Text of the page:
In other words, organisations who want to adopt some form of digital, need to start by looking at the underlying infrastructure, because what we see is a lot of companies who are looking at treading on the digital path are constrained by the poor infrastructure that they have. Digital infrastructure is the strong roots that are needed to drive digital transformation.
DC: A lot of companies struggle with digital transformation today because they have a lot of legacies or it’s a mindset change or it’s a culture change. How is Dimension Data adapting to help these organisations?
John: Our whole strategy is defined around taking a business outcome approach to these conversations. Unless there is a clear business outcome strategy in place, I think we would really struggle. If you start by just narrowing down on certain types of technologies; for example, the classic ones now — like IoT, Machine Learning, Blockchain etc. – these are all enablers. However, they will not deliver any value unless there is a clear business outcome in mind.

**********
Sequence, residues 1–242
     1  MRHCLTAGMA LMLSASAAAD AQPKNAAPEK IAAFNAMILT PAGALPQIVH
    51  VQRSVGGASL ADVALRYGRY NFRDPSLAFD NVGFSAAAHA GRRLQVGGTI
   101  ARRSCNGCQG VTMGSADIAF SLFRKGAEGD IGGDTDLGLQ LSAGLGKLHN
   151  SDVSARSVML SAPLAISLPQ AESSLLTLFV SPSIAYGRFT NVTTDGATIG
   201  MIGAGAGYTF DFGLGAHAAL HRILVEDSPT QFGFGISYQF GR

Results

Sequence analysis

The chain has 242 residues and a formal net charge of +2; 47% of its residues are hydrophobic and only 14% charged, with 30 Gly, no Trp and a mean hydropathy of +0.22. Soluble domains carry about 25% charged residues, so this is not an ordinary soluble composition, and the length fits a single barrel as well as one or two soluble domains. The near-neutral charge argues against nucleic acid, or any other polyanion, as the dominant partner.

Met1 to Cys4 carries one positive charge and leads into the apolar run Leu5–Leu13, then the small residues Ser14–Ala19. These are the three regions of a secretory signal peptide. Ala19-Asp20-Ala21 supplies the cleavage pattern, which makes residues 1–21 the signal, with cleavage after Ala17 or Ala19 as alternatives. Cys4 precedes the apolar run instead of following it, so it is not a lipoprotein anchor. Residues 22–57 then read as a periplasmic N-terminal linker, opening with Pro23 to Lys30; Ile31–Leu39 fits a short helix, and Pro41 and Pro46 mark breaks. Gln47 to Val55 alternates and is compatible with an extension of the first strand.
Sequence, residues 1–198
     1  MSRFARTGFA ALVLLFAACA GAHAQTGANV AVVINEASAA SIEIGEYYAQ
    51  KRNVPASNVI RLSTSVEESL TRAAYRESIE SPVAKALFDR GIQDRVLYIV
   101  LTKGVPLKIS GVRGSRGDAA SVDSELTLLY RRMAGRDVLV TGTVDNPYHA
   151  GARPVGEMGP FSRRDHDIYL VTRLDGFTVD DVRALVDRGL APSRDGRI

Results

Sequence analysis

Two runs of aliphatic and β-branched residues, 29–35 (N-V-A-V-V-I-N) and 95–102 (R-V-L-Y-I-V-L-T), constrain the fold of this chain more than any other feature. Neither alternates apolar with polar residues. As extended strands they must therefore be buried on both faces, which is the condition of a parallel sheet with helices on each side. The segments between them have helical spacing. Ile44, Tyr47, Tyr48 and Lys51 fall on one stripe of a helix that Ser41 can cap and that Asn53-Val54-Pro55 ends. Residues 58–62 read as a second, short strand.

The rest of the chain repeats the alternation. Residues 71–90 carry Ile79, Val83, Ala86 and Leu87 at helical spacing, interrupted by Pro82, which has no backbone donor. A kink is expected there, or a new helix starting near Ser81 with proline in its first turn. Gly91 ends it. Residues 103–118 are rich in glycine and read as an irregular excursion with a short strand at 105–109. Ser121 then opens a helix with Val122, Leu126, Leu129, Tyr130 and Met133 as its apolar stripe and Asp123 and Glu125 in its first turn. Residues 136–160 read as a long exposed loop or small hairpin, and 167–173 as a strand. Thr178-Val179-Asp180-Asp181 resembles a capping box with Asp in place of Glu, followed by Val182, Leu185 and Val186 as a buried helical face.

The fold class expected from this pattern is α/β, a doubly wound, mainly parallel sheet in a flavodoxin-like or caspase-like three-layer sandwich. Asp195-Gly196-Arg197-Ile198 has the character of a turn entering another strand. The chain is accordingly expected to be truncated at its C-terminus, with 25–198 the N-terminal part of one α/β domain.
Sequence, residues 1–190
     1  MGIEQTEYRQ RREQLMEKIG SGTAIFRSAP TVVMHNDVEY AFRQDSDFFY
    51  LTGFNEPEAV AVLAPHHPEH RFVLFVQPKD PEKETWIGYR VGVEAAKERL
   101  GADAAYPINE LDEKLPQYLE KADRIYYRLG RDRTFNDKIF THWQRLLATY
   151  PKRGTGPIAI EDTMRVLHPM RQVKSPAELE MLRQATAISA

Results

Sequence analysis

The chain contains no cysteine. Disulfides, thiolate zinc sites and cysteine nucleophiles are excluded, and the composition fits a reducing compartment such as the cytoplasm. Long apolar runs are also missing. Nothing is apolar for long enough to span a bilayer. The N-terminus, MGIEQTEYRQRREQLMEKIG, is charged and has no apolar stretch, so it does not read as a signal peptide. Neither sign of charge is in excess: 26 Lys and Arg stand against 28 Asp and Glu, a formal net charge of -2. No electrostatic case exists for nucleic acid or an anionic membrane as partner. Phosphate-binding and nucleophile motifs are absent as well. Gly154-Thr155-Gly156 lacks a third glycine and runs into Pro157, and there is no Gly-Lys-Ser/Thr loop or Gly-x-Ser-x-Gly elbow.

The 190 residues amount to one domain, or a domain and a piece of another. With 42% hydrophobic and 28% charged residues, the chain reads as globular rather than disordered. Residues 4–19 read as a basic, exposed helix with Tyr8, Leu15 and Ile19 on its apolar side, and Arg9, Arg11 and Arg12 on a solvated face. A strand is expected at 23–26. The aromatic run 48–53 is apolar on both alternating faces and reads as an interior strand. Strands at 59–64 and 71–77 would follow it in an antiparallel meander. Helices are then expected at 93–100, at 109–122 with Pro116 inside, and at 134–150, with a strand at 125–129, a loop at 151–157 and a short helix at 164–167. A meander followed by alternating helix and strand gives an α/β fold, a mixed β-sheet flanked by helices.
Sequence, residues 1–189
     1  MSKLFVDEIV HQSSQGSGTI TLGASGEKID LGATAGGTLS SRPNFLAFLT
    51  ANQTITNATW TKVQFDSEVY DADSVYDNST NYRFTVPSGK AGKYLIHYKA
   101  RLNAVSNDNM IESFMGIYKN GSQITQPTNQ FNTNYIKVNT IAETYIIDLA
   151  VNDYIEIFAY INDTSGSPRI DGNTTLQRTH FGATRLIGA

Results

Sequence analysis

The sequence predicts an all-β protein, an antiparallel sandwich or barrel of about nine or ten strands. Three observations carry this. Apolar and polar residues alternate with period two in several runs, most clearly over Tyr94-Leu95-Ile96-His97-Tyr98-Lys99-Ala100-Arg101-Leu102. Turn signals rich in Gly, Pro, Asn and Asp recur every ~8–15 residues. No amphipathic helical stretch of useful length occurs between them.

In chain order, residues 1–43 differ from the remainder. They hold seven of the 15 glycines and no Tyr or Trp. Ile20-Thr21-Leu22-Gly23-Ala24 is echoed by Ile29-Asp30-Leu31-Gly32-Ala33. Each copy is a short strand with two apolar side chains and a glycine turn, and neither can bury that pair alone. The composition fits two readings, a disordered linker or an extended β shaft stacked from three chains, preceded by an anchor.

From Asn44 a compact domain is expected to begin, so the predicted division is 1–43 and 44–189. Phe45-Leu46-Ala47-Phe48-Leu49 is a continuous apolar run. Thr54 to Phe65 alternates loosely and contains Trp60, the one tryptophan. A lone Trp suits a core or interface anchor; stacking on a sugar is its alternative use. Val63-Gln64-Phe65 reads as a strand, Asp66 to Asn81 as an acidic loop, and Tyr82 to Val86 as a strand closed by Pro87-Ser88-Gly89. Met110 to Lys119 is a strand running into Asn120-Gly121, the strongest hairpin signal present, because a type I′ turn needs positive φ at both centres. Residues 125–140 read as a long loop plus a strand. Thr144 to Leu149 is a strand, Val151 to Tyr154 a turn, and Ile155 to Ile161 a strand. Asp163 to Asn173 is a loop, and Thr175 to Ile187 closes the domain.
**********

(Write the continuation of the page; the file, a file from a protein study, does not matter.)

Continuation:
We’re going through our own transformation at Dimension Data. We come from a skill set of digital infrastructures, datacentres, security as was explained earlier. We’re transitioning our skill set to be more business outcome focused. We’re having different types of dialogue and discussions with our clients, reskilling our workforce, the introduction of a consulting team working closely with companies like Nihilent, which is a Dimension Data owned organisation — to really change those conversations. We all get excited about technology but that’s not going to change anything unless it’s providing value by achieving a business outcome.